After the Buddha realised the Truth about suffering and its causes, he spent six years committed to discovering a realization about the end of suffering — that, and his achievement of Nirvana, were his ultimate achievements. In those six years, the Buddha tried all the methods available to end suffering without success. Eventually He found his own solution to the problems of life and they are now the core of Buddhist thought, teachings and practice.
This is what he discovered: there is an end to suffering; it can happen to anybody, anywhere, here and now; and the key to ending all suffering is to remove all desire, ill will and ignorance
After suffering, the Buddha taught, there is supreme happiness. Every step of the way to removing the causes of unhappiness brings more joy. On the path to the end of suffering, which is a path that Buddhists may spend their whole lifetimes practicing, there are levels of happiness and freedom from craving and ignorance that can be achieved. In the beginning the happiness might be through better material conditions: like more contentment, or better spiritual conditions; more peace and enjoyment of life. These are the reasons Buddhists can live happily without greed — even among people in cities overcome with craving and desire. They can live happily without anger even among people harbouring ill will. These kinds of happiness make life more rewarding and bring a sense of freedom and joy.
The Buddhist teachings say that the more people free themselves from desire, ill will and ignorance, the greater their happiness is — no matter what is going on around them. When they have completely removed desire, ill will and ignorance the Buddha says they will experience the same supreme happiness he discovered.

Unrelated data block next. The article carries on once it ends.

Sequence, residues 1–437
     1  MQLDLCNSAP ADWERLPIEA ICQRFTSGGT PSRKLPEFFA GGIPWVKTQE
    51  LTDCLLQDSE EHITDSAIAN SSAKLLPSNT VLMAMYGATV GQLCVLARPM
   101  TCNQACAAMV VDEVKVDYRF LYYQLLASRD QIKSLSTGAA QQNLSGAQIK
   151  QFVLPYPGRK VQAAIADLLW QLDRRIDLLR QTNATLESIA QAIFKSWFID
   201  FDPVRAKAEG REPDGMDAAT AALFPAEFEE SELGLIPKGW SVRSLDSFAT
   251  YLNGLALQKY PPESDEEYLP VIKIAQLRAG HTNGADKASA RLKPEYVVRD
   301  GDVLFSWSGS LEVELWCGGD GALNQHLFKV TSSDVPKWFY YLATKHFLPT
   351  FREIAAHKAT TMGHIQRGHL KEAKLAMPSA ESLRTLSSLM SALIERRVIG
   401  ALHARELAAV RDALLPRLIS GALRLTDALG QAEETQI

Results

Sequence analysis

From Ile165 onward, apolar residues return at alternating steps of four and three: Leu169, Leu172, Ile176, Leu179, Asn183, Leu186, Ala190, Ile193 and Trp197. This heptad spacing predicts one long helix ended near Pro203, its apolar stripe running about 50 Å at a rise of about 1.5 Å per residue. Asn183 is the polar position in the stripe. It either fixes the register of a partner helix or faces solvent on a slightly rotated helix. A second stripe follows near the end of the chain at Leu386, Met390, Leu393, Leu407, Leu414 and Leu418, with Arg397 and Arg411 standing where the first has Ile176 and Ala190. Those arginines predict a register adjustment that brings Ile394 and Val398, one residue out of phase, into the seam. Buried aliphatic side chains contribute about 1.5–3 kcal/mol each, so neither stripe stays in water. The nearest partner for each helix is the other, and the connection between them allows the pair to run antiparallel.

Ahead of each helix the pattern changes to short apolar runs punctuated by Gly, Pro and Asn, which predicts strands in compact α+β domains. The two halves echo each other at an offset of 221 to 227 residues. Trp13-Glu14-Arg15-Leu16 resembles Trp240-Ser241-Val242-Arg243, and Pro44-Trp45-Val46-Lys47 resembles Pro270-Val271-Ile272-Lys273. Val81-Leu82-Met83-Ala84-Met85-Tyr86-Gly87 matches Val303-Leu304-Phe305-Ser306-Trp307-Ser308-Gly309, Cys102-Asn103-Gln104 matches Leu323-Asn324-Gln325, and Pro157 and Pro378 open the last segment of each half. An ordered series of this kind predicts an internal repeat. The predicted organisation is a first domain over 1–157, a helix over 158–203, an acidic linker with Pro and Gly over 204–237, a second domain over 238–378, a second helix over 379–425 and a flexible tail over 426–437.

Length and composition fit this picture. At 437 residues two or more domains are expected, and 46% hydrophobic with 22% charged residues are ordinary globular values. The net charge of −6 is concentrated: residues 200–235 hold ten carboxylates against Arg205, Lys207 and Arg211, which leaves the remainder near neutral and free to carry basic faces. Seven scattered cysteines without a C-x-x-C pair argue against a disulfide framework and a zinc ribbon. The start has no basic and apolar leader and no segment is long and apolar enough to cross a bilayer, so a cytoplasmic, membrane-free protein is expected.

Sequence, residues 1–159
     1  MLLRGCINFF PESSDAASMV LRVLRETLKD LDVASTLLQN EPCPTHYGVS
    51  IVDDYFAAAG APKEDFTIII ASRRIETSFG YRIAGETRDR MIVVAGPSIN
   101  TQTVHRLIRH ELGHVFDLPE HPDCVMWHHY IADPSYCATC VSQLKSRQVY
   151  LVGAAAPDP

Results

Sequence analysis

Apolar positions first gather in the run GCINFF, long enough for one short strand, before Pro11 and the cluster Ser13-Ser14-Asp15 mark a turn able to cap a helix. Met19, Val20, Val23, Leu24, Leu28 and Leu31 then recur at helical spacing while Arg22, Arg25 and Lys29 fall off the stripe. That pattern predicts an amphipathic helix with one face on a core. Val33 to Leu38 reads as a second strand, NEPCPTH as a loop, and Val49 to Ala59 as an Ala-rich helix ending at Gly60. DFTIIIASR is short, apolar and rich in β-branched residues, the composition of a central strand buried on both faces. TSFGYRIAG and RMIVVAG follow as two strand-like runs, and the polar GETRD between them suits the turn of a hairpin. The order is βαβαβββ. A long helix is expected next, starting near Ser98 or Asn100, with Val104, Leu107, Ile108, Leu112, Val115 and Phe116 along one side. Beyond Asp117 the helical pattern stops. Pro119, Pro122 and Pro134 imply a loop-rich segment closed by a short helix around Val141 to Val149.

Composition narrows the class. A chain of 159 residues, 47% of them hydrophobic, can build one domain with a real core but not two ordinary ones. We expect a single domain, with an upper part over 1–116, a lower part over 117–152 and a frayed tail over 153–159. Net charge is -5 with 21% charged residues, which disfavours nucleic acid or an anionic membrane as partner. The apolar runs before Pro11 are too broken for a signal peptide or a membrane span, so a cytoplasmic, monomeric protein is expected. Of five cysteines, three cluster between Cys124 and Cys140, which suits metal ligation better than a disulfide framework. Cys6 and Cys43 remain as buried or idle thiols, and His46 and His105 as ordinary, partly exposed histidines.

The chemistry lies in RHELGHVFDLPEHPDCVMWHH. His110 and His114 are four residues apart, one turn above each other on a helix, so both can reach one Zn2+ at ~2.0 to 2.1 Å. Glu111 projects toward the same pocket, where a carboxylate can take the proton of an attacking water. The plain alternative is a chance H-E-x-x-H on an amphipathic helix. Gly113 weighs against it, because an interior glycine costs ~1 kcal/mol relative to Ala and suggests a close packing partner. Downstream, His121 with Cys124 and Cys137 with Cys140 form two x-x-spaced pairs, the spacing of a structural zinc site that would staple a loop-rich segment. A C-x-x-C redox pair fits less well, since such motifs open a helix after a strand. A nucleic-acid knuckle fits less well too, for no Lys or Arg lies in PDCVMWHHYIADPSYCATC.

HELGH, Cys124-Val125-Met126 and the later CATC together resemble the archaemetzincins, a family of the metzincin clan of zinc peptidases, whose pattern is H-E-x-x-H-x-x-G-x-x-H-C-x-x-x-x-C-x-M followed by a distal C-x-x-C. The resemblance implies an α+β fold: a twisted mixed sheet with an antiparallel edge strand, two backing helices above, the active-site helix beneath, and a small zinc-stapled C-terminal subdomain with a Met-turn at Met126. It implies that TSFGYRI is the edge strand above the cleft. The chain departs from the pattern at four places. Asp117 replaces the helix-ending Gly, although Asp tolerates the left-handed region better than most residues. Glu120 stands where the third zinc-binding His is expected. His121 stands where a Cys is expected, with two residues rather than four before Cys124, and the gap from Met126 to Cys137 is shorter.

The second fruit of the end of suffering is what Buddhists call supreme Enlightenment. Enlightenment can be called liberation — a total, absolute and permanent end of all suffering. It is the ultimate and final goal of Buddhism.
There are many, many qualities to enlightenment, but the most important are perfect wisdom and great compassion. These are the extraordinary qualities that only the Buddha perfected. They are the result of complete freedom from craving and from ignorance and the tremendous transformations from ordinary life that Buddha’s teachings exemplified. Through perfect wisdom He understands the real nature of all things. Through great compassion He is able to help countless beings overcome their suffering.
The experience of Enlightenment or Nirvana, as it is also called, is very difficult to explain. Even when Buddhists describe it as supreme happiness and perfect wisdom, they are not really explaining it completely. Nirvana cannot be put into words — imagine explaining the colour blue to a person who has always been blind, or the sound of a bird to a deaf man. Enlightenment is an experience that a person has to have for themselves to understand. Buddhists believe that the Buddha’s teachings will lead them to Nirvana and trust his teachings of the Four Noble Truths to take them to their goal.
The Buddha has described Nirvana in different ways. He has called it supreme happiness, peace, immortality. He also described Nirvana as uncreated, unformed, as beyond the earth, as beyond water, fire, air, beyond the sun and moon, unfathomable, immeasurable. It is also described as freedom from conflict and selfishness, the eradication of craving, hatred and delusion.
The Buddha said, and demonstrated through his own life, that Nirvana can be achieved in our lives, while living — it is not a place to which we go after death. Buddhists believe that we can eradicate all the causes of suffering in this life, and achieve enlightenment — live in bliss, if we follow the Buddha’s teachings.
Buddhists have confidence that the Buddha did find an end to suffering, and that His teachings can bring them the same experience. The key to ending suffering is to remove all desire, ill will and ignorance. Without these causes of suffering we can experience absolute happiness, perfect wisdom, peace and all the qualities of Enlightenment. Nirvana cannot be described, it is only understood truly by a person who has experienced it.